Abelly: Book 2/Chapter 04/Section 02

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The Zeal of Monsieur Vincent to Provide the Opportunity to All Sorts of Persons to Make a Spiritual Retreat

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Since the spiritual retreat is such a salutary means for sanctification and perfection of souls, as we have said in the previous section, God so inspired his Church, from the first centuries of Christianity, that great saints retired to the deserts of Egypt and elsewhere to participate in them. In recent times many saintly persons have revived this custom. Among others, Saint Ignatius made it possible for persons living in the world to find a place of retreat, some in the cities and others in desert places, yet since these places were not well attended lay people rarely followed these retreat exercises. Moved by an ardent desire to procure the greater glory of God and the salvation of souls, Monsieur Vincent strove to extend this opportunity to all sorts of persons, either lay or clergy, and he made this practice more common than ever before.

With a wholly impartial charity, he opened the doors of his heart and his home to all those who wished to share in this good work. He would receive them kindly and paternally, with no distinction of persons. In this he was imitating the father of the family in the Gospel who accepted to his banquet all those who came: the poor, blind, lame, and the crippled, and sending out to the streets and squares of the cities, and even to the fields and most isolated areas, to invite and even compel all to attend.

We must admit that in our day this great servant of God did something similar to the astonishment and edification of all. In the refectory at Saint Lazare many other persons could be seen among the missionaries. They were of all ages and conditions, from city and country, poor and rich, young and old, students and doctors, priests and holders of benefices, ecclesiastics and prelates, gentlemen, counts, marquis, attorneys, lawyers and councillors, presidents, receivers of petitions and other officers of justice, merchants, artisans, soldiers, pages, and lackeys. All were received, lodged, and fed in this great hospice of charity to make their retreat, to find the remedy for their spiritual infirmities, or the help necessary to set them securely on the path of salvation.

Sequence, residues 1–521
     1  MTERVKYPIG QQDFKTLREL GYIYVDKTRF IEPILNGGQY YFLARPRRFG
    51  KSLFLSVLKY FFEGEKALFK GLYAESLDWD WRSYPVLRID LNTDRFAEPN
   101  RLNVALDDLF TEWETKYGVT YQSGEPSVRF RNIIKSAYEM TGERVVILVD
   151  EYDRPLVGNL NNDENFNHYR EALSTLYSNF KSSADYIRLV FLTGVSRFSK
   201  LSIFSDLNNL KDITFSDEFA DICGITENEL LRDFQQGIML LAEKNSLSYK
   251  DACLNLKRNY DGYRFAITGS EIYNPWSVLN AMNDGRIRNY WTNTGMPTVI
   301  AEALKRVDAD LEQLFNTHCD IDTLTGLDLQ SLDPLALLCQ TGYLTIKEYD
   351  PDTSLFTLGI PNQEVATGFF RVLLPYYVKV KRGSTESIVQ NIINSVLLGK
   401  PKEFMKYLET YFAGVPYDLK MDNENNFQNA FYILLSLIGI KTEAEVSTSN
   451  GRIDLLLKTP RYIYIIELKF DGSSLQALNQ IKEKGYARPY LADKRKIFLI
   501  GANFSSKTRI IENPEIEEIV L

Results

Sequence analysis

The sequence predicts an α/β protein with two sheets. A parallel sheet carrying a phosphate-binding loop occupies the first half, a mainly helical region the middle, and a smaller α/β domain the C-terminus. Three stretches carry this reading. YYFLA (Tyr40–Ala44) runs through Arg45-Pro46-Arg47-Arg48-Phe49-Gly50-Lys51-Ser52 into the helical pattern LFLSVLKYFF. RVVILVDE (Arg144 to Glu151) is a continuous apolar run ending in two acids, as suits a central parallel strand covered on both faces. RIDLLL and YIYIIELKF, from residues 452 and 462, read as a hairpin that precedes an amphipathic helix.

This one house of Saint Lazare of Paris received, lodged, and fed every year from seven to eight hundred persons for their spiritual retreat, not to mention the other houses of the {Congregation of the Mission|Mission]] which accepted as many as they could, especially at Rome where they always received several. All this taken into account, from 1635 to the time of Monsieur Vincent's death twenty-five years later, more than twenty thousand people participated in these retreats. Their general confessions and other exercises brought remedies to a countless number of disorders of family and conscience. A large number of public and secret sinners were reconciled to God. Those who had strayed from the path of salvation were returned to the right way. The just received an increase of blessings and grace, and all were given arms against their great enemies, the world, the flesh, and the devil by the helpful advice they received, to repulse their attacks and so gain glorious victories over these enemies of their salvation.